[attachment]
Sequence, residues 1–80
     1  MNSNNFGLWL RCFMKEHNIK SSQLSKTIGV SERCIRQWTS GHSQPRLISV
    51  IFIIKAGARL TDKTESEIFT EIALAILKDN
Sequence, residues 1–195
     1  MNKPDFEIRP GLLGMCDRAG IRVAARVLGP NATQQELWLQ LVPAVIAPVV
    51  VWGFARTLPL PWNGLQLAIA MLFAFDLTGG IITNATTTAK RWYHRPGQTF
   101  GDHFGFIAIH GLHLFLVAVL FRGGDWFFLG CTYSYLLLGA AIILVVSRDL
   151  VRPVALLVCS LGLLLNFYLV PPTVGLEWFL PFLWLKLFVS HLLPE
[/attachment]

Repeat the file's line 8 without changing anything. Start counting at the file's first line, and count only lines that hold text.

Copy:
   151  VRPVALLVCS LGLLLNFYLV PPTVGLEWFL PFLWLKLFVS HLLPE